As I was walking out of the local middle school with my son and a few friends last week, I noticed there were brief student book summaries posted on the walls because they're having a contest. So, I reminded my son to get some blank sheets to fill out.
Well, one of his friends said, "Wow. You read?" He said he never reads because he doesn't like it. I tried to explain that he just needs to find a book that interests him, but I don't think he was really listening.
It made me want to call his parents and give them some book tips, but I don't know them too well yet. And I don't like to bud in anyway.
But it made me wonder how many children and parents out there just have given up on finding any books that they'll actually enjoy. From what I saw during my time in the public schools, there are far too many. So, that's why I like to share the books my children enjoy the most on this blog. I hope they help make reading a fun activity, rather than a dreaded one.
Since a long holiday break is coming up for many of us, I'd like to share a few more books suggestions with you. Please note that I haven't read most of these myself, so you should scan the reviews just to make sure you're comfortable with the material. Each child and family has different needs and preferences.
Anyway, my 12 year old son really enjoyed the following three books:
- Alibi Junior High, by Greg Logsted, revolves around a 13 year old boy whose father is a CIA agent. He's never attended public school, and he faces many challenges as he tries to lead a so-called "normal" life. GreenGuy couldn't put this one down, so it seems like a great pick for even the most reluctant reader.
- Stuck on Earth, by David Klass, has to do with aliens, and has some kind of an environmental message. It seems like a great companion to the movie Avatar (Original Theatrical Edition), which is a wonderful movie to watch as a family.
- And of course, the first book in Rick Riordan's new series, The Heroes of Olympus, Book One: The Lost Hero. My son became the lost (in another world) reader with this one, just as he did while reading each book in The Lightning Thief series. Rick Riordan's done it again.
My 15 year old daughter is currently reading So Yesterday, by Scott Westerfield. While School Library Journal and a few reviewers didn't have many positive things to say about it, StrawberryGirl appreciates its uniqueness. She gets tired of reading books which repeat the same themes and writing styles over and over again. I must say I'm intrigued by the subject matter, which involves trend-setting and the power of consumerism, so I'm adding it to my reading list as well. Any reading material, movie, or commercial that can get a conversation going about these topics is worth taking a look at, in my opinion.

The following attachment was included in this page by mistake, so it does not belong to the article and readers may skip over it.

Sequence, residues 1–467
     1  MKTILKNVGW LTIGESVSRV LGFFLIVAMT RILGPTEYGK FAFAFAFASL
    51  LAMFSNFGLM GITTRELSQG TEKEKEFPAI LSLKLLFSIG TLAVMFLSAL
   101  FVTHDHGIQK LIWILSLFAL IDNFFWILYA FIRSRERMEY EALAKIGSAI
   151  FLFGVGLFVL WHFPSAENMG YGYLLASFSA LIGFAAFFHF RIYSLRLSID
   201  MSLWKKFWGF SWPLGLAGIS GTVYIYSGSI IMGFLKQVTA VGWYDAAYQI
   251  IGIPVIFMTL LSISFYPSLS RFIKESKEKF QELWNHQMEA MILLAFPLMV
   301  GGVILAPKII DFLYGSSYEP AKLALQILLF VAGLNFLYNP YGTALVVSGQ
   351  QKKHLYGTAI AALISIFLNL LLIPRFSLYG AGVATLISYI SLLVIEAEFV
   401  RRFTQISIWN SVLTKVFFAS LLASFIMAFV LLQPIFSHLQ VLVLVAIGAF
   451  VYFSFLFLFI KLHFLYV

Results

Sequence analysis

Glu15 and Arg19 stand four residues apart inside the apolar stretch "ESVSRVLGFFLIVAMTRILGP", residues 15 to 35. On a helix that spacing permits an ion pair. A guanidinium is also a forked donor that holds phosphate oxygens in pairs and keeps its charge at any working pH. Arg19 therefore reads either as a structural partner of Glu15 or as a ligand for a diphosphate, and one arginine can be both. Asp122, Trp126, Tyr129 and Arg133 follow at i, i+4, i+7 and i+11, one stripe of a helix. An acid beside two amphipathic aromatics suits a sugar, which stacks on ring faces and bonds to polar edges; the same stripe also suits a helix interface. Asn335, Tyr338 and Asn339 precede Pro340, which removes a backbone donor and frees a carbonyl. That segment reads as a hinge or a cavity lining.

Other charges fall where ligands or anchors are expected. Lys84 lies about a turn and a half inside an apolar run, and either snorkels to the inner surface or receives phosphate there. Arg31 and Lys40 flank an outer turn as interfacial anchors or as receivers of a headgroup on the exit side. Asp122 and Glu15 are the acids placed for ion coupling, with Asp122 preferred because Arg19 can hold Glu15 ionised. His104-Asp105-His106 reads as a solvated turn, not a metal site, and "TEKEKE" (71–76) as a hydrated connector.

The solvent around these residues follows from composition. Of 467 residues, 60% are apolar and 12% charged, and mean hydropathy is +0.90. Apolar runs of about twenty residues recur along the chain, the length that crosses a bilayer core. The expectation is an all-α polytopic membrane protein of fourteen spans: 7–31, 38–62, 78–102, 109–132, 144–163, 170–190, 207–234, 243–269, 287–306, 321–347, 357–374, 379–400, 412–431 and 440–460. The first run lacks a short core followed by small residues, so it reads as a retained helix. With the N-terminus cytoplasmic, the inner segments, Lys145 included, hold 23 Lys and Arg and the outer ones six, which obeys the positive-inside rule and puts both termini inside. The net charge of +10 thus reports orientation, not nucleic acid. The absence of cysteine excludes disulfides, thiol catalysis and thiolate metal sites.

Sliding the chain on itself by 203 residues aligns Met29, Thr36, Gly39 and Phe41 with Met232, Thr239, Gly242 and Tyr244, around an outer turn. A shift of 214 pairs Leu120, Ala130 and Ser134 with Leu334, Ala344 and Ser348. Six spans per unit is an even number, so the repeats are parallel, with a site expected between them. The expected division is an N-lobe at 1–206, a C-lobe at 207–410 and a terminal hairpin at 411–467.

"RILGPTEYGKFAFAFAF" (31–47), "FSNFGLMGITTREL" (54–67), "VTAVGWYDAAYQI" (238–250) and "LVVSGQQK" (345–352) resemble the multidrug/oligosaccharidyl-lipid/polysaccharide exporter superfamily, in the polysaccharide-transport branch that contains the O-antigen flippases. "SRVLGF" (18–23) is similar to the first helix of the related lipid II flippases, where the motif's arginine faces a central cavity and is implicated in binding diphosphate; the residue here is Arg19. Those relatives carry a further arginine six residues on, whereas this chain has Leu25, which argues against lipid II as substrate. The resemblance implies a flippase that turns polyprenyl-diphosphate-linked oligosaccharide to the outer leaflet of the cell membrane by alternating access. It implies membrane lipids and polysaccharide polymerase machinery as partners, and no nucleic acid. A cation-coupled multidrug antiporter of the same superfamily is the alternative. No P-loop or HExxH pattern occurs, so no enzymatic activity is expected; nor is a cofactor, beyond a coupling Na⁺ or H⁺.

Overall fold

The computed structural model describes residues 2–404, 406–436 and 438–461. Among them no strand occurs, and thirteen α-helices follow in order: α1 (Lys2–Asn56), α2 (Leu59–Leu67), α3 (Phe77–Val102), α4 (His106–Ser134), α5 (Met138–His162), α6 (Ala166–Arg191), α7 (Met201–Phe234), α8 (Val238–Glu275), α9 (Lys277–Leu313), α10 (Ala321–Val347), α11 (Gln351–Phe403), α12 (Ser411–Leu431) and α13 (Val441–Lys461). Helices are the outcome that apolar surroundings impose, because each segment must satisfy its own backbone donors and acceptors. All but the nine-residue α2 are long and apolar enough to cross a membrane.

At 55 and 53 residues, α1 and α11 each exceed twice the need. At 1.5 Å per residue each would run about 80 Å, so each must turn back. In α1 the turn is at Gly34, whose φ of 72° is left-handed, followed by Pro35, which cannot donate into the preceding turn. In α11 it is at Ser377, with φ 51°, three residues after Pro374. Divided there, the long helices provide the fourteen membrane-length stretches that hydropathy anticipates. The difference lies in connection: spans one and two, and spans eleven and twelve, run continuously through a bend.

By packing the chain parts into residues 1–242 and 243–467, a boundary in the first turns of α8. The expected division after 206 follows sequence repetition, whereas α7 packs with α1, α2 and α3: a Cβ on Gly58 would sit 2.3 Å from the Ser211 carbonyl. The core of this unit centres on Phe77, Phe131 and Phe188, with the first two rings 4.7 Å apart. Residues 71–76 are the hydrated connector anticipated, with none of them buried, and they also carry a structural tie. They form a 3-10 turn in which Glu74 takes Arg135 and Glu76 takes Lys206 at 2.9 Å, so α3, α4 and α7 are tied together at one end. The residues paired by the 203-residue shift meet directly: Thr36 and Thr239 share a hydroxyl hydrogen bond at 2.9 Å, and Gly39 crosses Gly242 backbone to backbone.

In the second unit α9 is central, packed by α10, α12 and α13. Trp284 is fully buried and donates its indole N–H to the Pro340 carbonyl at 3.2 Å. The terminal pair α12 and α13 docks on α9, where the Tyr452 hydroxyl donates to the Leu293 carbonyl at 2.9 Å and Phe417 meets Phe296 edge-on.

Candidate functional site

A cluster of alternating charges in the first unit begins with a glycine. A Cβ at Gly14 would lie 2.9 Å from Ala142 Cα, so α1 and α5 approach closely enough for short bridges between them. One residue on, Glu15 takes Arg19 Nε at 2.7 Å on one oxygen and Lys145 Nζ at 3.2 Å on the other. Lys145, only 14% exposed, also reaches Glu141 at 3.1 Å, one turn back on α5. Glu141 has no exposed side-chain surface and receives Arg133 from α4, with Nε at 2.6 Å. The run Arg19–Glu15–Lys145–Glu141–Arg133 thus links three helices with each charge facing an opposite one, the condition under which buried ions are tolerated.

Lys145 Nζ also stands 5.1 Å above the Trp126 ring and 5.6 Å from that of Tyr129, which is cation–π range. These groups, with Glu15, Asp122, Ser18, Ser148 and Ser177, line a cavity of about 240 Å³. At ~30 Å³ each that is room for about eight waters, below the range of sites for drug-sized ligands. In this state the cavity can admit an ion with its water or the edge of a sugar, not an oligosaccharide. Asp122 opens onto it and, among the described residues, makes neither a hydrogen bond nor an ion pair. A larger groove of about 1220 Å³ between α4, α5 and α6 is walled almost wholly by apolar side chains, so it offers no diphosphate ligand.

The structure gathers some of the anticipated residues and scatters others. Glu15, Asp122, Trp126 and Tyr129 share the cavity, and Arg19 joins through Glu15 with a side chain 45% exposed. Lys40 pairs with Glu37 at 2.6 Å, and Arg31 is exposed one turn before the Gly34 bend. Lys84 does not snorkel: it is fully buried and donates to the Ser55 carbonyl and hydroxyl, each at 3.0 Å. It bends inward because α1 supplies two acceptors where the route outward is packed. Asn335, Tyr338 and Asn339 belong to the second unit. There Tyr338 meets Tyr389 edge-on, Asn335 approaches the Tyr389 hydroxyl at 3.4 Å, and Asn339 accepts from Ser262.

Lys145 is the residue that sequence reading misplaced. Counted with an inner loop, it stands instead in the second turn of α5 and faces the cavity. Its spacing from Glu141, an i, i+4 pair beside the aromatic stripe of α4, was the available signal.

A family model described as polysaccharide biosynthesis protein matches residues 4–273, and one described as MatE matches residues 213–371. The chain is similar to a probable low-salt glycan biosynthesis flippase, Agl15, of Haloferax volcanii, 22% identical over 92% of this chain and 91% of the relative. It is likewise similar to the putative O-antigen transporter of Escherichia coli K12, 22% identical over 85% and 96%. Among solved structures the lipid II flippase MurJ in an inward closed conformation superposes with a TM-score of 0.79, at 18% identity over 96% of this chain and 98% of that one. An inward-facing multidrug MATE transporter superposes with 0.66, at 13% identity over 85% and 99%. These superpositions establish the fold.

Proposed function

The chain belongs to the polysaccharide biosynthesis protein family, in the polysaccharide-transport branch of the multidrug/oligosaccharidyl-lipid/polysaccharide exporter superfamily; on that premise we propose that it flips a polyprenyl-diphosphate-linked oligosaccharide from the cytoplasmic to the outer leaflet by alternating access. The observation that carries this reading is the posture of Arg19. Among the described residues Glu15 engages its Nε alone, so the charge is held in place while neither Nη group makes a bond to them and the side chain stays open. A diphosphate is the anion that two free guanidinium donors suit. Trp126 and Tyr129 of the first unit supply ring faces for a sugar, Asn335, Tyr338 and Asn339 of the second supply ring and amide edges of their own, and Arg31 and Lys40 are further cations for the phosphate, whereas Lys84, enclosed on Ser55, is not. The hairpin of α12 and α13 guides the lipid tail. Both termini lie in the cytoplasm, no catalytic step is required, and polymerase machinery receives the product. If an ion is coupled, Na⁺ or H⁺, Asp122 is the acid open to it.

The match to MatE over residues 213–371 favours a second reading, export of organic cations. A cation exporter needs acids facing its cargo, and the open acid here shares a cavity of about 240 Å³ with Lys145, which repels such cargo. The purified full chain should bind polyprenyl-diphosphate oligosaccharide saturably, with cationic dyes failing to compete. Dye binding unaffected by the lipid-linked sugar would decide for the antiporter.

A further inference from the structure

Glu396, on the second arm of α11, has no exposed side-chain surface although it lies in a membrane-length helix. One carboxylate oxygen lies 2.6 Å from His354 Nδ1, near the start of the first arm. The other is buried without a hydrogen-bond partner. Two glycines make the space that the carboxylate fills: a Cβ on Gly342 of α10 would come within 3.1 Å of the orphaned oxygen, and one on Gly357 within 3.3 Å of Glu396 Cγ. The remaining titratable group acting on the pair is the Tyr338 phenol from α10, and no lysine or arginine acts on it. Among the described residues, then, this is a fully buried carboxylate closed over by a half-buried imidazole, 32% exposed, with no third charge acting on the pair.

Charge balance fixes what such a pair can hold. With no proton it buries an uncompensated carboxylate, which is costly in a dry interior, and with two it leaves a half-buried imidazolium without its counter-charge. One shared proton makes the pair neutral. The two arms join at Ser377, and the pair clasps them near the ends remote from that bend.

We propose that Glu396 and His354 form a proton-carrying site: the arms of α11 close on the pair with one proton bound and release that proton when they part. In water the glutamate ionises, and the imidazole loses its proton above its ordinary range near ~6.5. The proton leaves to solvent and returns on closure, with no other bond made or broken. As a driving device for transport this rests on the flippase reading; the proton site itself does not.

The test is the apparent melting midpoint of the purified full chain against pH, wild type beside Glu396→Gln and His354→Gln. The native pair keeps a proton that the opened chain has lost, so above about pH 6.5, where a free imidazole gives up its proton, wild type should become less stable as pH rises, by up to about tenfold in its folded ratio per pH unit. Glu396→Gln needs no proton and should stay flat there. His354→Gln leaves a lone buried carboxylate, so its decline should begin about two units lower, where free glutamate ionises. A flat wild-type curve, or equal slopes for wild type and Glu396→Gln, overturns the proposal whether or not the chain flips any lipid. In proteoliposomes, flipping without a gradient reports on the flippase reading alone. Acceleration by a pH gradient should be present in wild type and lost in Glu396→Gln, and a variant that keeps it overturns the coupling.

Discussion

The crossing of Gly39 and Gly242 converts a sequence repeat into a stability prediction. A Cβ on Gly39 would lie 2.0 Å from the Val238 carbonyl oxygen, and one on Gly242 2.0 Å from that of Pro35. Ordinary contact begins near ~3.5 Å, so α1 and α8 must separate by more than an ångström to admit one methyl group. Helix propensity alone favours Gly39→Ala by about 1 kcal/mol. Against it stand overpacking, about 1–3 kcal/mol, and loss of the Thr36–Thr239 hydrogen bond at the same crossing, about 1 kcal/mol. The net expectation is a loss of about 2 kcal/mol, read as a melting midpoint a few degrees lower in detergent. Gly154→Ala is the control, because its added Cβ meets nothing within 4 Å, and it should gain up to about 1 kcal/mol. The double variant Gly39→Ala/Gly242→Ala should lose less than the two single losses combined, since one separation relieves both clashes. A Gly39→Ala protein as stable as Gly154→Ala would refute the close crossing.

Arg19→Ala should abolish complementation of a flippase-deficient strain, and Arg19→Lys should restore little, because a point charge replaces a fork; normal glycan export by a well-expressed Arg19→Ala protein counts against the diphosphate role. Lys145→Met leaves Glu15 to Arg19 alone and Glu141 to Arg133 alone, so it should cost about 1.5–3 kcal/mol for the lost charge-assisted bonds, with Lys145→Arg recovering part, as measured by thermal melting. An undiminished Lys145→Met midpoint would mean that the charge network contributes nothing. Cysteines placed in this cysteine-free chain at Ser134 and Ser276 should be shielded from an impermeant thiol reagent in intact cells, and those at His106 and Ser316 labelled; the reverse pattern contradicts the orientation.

I was sent a review copy of Gifted: Out of Sight, Out of Mind (which will be donated to the local library), the first in series for tweens and young teens by Marilyn Kaye. It was a little too "young" for my 15 year old daughter, and my son wasn't interested (there's a female character on the cover, and I think having the word "gifted" in the title is a bit of a turnoff). So, I decided to read it myself. I found the book to be a fun, "beachy" kind of read, and thought 9 to 12 year old girls would eat it up.
What I liked about Out of Sight, Out of Mind was that one of the characters (the stereotypical popular "mean girl") wakes up one morning in another girl's body (the unpopular loner, of course), and literally has to put herself in her place. It's kind of an extreme rude awakening, and one that gets the character and the reader thinking. Throw into the mix some not-so-typical supernatural powers, a mysterious student teacher, a dysfunctional family or two, and a few hypnotic sessions, and you have quite an over-the-top story. Seems like a recipe for a fun tween read, no? If all books were like real life, many of them would be too boring to read. Don't you think?
I didn't get to the next few books in the series, but I see that Amazon reviewers rated them better than this initial one. So, it might be a great series for your child to try out this holiday break. For another opinion, and more details about the series, please go to Jen's Book Page.
Please note that I link to Amazon mainly because they usually have a wide variety of reviews on each book or product. If you do make a purchase of any kind through my blog link, I do receive a nominal commission, though. I do appreciate your support of my time spent writing and sharing my research through this blog, but there's absolutely no pressure to buy from Amazon or any other vendor. It's even more important for you to support your public library, and local, independent bookstores first!
I may not be a certified librarian, but I've certainly felt like one since my first child was born. It didn't take long for me to fall in love with picture books, and now YA literature. So, it makes me sad when I see so many parents missing out on the experience completely.
Children grow up - and out - of children's literature all too fast. As for me, I never will.